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Re: Submission identifiers

2009-01-27 03:18:08

--On Monday, January 26, 2009 7:25 PM -0700 David MacQuigg
<david_macquigg(_at_)yahoo(_dot_)com> wrote:

What are they supposed to use for the EHLO parameter if it is
important enough to mean the difference between delivery or

This is a good case.  I think we can include Steve's example
as a sub-case, since he has a static IP address from his ISP.

The solutions in this case include the three suggested for the
roaming laptop, plus another option.  Get a static IP address
from your ISP.  In my office I have a small network behind a
NAT with one external address.  My ISP charges $10 per month
for the static IP.  Last I checked, the phone company price
was the same.

David, situations about static IP addresses differ around the
world.  In many places, static IP addresses are not available at
all, at any price, unless one subscribes to a "business"
account... with "business" accounts costing five to ten times as
much as "residential" ones, sometimes with fewer services. 

I expect static addresses, and non-NAT addresses more
specifically, will get progressively harder to get as we move
into the IPv4 endgame.  I also expect that, unless prevented by
regulators or morals, some ISPs will take advantage of scarcity
by raising the price.  Of course, if the advent of IPv6 really
eliminates the use of private-space addresses on servers
communicating with the public Internet, the problem Paul is
concerned about will largely disappear (I'm not holding my
By the way, I don't use my static IP for sending mail.  For
reliable delivery, I relay my outgoing mail through a Giant
Provider, not because of authentication problems, but simply
that my domain is too small to have any clout with receivers.

The question, IMO, isn't whether the path of least resistance is
to give up on individual servers in favor of Giant Providers.
Nor is it about whether some people's lives would be easier if
servers using private address space behind NAT always used
submission servers that have public addresses.  It is about
whether we try to change the protocol to effectively _require_
one or the other or both.  My personal opinion is that such a
requirement would be a bad idea for several reasons.  However,
what is more important in this particular discussion is that it
would represent a sufficient change in requirements for a server
to conform to the standard to require a reset to Proposed.
Perhaps that would be worthwhile, but it isn't something that
you will see in any 5321bis for which I'm editor (not
necessarily because I'm being resistant, but because I will lose

I guess this discussion has about run its course, so I'll
summarize.  We've narrowed the question to just whether SMTP
should drop the requirement that receivers MUST NOT reject
apparently forged helonames.  The suggested language for a
change was:

  An SMTP server MAY reject a mail session if a domain name
argument in   the EHLO command does not actually correspond to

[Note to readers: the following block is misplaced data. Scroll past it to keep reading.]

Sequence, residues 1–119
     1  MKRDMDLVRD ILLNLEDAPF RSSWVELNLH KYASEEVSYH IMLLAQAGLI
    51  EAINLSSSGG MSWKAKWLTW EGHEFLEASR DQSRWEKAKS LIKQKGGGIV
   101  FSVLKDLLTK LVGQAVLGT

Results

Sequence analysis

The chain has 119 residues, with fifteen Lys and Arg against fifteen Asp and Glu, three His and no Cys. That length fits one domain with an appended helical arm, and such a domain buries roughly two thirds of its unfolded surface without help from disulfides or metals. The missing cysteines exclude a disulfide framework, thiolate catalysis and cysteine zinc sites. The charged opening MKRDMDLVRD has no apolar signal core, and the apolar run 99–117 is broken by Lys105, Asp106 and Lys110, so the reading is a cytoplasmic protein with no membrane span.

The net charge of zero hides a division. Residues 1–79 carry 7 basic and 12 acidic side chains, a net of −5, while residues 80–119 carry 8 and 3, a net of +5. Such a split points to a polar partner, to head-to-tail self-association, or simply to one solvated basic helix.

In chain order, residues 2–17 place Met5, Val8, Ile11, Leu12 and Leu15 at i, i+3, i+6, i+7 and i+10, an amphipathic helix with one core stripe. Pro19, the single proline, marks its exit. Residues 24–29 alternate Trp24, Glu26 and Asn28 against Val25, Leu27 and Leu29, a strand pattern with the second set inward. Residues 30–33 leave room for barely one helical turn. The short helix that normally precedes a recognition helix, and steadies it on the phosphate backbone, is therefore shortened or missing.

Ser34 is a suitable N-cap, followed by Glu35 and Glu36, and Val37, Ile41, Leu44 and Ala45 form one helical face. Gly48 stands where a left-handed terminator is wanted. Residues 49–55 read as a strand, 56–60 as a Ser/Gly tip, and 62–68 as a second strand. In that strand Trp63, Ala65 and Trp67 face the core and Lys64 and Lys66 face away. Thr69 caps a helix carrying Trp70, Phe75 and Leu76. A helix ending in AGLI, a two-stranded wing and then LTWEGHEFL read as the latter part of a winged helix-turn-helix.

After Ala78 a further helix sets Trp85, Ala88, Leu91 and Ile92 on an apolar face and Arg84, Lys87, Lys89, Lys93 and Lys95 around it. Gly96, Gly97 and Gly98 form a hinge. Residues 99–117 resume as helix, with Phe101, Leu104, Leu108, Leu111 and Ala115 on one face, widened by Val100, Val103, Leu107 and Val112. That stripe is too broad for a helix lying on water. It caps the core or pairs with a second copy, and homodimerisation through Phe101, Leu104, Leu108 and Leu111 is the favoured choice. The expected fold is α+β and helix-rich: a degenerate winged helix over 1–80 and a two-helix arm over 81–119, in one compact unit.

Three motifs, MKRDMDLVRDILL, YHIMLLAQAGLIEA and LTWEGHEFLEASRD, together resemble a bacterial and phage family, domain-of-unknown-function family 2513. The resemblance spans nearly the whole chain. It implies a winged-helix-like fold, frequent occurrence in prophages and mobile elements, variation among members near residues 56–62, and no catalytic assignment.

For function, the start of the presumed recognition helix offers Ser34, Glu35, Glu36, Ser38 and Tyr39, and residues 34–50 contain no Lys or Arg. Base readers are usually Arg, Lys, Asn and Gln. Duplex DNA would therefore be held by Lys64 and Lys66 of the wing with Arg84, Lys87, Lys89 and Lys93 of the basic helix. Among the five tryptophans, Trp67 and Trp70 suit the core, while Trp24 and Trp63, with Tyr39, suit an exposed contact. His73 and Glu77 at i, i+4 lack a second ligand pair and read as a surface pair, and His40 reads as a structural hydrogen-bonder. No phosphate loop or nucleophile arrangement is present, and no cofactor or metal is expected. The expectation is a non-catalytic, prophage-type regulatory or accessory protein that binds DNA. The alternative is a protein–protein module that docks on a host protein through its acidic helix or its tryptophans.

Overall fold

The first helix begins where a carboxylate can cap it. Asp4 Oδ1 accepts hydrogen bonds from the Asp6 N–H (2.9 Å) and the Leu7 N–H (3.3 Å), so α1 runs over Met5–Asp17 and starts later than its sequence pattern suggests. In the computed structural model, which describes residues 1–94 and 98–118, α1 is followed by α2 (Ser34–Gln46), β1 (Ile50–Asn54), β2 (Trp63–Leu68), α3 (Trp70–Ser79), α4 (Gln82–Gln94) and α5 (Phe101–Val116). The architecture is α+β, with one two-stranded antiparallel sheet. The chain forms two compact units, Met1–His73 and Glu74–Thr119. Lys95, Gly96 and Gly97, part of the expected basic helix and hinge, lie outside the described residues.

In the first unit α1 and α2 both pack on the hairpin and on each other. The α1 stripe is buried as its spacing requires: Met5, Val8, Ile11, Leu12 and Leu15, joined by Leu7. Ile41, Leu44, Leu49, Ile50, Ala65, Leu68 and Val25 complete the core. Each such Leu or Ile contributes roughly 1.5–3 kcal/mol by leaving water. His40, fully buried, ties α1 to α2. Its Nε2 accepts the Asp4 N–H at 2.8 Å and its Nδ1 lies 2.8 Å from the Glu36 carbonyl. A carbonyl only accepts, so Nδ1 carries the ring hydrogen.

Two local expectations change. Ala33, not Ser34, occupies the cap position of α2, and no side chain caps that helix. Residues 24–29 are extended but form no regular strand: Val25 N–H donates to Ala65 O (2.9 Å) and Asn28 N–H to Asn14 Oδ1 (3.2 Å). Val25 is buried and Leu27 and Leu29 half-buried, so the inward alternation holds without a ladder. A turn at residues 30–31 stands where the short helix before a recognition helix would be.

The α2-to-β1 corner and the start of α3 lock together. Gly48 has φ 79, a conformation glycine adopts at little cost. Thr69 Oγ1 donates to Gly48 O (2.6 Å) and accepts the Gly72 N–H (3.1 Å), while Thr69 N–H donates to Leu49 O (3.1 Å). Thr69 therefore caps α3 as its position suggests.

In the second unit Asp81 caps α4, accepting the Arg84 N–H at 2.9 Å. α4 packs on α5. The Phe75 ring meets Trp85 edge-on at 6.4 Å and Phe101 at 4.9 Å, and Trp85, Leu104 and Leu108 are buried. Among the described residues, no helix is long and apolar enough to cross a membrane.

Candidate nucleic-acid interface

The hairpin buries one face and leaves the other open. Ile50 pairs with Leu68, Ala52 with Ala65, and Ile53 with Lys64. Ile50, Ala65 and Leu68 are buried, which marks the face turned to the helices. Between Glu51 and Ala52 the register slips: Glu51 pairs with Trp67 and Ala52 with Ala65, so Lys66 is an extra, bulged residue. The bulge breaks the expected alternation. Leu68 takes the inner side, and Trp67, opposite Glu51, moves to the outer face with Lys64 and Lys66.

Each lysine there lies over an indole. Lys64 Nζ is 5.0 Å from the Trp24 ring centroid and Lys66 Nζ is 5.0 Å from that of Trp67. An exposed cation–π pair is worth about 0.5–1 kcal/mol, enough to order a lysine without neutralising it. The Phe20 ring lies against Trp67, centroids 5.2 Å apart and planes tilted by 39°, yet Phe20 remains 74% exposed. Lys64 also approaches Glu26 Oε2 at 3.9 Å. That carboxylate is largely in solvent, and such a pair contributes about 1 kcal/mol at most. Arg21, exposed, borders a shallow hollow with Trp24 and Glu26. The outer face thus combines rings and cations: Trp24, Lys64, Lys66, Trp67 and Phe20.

the IP address of the   client.  Clients that are unable to
establish this correspondence MUST   NOT provide an invalid
domain name argument.

Thanks for stating this clearly and providing text.  Note,
however, that "correspond to the IP address of the client" is
ambiguous.  For example, do you intend forward mapping or
reverse mapping?  If the client is multihomed, _exactly_ what
does "correspond" mean?

The claimed benefit was that a currently useless and
frequently abused parameter, the heloname, could then become
useful in rejecting forgeries, and that would motivate
legitimate senders to take it seriously.  This in turn could
lead to large numbers of receivers making good use of the
heloname, whitelisting legitimate domains, etc.  Eventually
almost all legitimate mail would go this route, and only a
small fraction would have to go through a spam filter,
reducing losses, and improving the reliability of email

The claimed reason for not making this change was that it
would be too hard on some small fraction of legitimate
senders.  Three cases were presented. 1) The small office with
a dynamically-assigned IP address. 2) The roaming laptop.
3) The digital camera.

The solutions considered too difficult were:
1) Get a static IP address for the transmitter in the small
office. 2) Relay through a transmitter with an established
identity and reputation. 3) Authorize the entire block of
addresses that might be dynamically assigned to the
transmitter. 4) Use an address literal, meaning - please
accept this session without a HELO ID.

Have I missed anything?

I don't think so, as long as it is clearly understood that this
does two things:

(i) Defines a domain name argument that does not match the
public Internet address of the sender as "invalid" --  thereby
de facto preventing most SMTP clients that are using private
address space behind at NAT from sending mail -- even if that
domain name conveys accurate information about the sending

(ii) Forces people toward use of IP literals, even IP literals
in private address space (i.e., that convey little information),
when domain names might make the sender more identifiable and
more easily contacted.


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